Falsehoods About Teachers As Portrayed On Tv Movies
+++ title = “10” date = 2018 +++
Maybe you’re a doctor who watches medical shows and throws the remote against the TV. Or maybe you’re a reporter who watches shows like The Newsroom. Hell, maybe you’re even a barista getting frustrated by watching the coffee-making employees at Central Perk on Friends. I can’t imagine what astronauts and scientists think about sci-fi shows.
For me, it’s being an educator and watching TV shows about teaching. There are so many tropes in shows about teaching that just don’t stack up to the reality of teaching. Here are a few myths
- **Teachers find kids annoying. **It’s a trope I’ve seen a lot in movies, especially, where the underlying feeling of a teacher toward their pupils is that of disgust and annoyance. Many of these teachers seem like they would like nothing more than to torture and punish their students, no matter what they did. The truth is that most teachers love their students. It’s not that they don’t get annoyed by certain behaviors, but they see the best in their students most of the time. They have to – it’s part of what it takes to do the job effectively.
- Teachers are the only ones who can save their troubled students. This one may the most overplayed trope. The idea of a teacher that’s going to walk into a classroom of wild and unruly kids, settle them completely with their incredibly engaging lectures and lesson ideas, and eventually set them straight on the path to college. This isn’t how it works. Yes, teachers are sometimes the only positive adults in some students’ lives, but that doesn’t mean that those adults will change or alter their paths and opportunities. No teacher sets out to change a student’s life – this is the by-product of a strong relationship. When it happens, it’s amazingly fulfilling to know that we played a role in it, but it wasn’t us who achieved anything – it was the student. We helped and we coached, but we didn’t make them pick up a pencil or do the writing. Furthermore, the change doesn’t happen right before our eyes when we teach. We show interest in the student and the student’s life, what makes them tick etc. We cultivate their self expression as best we can. And then one day they return to us as a high school senior who just got into their choice school. It’s not like Dead Poet’s Society.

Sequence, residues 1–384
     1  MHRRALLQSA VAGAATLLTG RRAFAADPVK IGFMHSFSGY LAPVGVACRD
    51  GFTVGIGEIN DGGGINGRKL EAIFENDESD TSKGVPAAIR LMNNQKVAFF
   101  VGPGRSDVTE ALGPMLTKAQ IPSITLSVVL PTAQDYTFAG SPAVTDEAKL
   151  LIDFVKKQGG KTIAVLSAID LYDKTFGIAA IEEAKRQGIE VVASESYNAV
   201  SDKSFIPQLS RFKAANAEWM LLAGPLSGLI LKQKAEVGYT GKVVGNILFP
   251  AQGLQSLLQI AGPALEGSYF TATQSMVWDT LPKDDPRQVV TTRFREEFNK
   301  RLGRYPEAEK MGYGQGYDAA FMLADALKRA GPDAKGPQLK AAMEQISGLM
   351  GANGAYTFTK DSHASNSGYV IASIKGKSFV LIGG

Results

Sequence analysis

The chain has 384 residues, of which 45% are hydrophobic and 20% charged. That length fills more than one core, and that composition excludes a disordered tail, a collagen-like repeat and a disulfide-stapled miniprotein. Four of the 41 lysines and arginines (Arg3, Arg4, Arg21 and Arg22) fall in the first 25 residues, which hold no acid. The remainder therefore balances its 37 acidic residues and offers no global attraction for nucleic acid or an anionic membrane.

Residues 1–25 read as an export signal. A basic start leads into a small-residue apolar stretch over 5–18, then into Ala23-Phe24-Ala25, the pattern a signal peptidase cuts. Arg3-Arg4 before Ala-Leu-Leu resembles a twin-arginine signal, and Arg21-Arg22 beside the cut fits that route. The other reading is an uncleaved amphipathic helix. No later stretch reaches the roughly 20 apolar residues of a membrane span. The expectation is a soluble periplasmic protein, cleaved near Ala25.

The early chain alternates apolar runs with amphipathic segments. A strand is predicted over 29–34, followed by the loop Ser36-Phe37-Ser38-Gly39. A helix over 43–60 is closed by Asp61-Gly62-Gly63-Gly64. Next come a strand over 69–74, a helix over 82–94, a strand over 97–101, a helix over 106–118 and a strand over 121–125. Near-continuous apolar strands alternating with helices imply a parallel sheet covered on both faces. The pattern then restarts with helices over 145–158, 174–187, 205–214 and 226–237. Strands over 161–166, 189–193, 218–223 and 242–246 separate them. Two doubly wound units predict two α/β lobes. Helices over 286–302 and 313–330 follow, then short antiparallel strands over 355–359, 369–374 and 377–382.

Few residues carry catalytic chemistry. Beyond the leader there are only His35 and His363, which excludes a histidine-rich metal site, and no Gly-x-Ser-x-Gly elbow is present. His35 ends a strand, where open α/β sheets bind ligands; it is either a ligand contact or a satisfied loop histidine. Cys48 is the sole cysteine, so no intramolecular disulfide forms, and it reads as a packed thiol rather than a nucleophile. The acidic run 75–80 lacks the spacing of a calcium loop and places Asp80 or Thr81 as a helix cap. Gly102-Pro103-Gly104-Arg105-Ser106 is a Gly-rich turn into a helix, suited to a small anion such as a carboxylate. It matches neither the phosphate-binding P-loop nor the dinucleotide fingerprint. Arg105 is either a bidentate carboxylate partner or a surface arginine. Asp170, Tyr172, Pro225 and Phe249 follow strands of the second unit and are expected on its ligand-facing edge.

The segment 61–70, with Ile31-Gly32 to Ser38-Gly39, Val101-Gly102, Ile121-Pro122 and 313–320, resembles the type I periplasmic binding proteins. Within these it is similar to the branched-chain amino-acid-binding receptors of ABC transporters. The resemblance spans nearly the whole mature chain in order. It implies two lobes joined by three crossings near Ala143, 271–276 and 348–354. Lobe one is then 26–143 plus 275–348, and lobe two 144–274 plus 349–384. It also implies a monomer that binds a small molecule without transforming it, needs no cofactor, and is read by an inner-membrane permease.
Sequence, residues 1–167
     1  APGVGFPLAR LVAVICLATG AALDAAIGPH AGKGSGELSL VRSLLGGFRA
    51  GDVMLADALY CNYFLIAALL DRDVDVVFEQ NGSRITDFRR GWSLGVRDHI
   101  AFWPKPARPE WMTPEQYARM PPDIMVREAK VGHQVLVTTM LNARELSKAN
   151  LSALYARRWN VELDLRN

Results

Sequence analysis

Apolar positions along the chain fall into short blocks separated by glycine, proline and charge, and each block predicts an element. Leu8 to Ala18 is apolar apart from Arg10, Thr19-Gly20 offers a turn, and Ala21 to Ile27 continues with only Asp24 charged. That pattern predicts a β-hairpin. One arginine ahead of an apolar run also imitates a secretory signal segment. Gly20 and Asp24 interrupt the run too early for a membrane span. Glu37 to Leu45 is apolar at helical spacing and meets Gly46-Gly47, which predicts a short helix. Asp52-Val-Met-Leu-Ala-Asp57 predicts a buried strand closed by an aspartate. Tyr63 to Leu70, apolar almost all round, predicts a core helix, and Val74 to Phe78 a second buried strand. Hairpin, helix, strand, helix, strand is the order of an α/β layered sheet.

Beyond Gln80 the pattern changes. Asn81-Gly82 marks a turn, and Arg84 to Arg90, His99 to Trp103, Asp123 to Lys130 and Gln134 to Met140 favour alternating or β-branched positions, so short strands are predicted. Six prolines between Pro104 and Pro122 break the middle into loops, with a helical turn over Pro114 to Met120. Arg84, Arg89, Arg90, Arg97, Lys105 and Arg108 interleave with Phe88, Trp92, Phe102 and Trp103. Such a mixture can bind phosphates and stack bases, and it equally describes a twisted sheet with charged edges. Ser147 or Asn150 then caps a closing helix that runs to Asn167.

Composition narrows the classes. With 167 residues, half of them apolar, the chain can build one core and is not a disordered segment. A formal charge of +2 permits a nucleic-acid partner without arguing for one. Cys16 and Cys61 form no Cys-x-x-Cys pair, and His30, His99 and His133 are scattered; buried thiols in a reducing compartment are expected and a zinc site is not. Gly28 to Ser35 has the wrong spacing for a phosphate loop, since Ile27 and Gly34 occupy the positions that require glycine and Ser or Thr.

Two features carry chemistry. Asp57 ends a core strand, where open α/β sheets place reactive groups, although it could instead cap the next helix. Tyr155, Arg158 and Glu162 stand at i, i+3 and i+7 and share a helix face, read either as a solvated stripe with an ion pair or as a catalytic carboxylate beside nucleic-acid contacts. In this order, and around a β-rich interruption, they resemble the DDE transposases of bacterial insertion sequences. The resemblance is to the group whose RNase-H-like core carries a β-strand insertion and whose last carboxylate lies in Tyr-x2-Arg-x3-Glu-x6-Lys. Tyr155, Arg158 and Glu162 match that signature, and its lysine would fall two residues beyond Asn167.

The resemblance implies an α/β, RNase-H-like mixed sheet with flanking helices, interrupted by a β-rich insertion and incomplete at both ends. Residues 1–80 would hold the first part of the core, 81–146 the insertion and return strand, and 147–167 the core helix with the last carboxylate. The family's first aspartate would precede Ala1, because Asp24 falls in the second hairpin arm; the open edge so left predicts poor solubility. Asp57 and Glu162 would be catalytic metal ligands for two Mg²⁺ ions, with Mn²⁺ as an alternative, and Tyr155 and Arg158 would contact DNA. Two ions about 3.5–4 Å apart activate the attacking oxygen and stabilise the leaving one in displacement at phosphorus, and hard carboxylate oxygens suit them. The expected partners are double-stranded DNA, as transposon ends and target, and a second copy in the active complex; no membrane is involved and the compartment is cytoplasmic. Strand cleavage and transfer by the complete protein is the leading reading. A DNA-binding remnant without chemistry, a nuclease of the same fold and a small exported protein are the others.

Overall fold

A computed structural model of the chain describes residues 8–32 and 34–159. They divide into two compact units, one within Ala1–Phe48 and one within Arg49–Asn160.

- **Teachers are the only ones teaching. **It’s almost a misnomer to call us teachers or educators. Yes, we do teach lessons and give feedback. But all teachers, at least the ones I’ve met, think of themselves more as eternal learners. Every year, we’re presented with new people to learn, and they must study and do the best job they can of understanding these very intense and constantly changing minds and hearts. We do a little bit of teaching during the day and spend the rest of our time learning and reflecting. It’s not an exaggeration.
So maybe it’s impossible to capture all of this in a movie or TV show. Something of an episode nature is more focused on the short term hit, the payoff that happens within a few minutes or hours. Education is incompatible with this model and I wonder if the portrayal of teachers in TV/Movies is hurting the public perception of who teachers really are and what they do.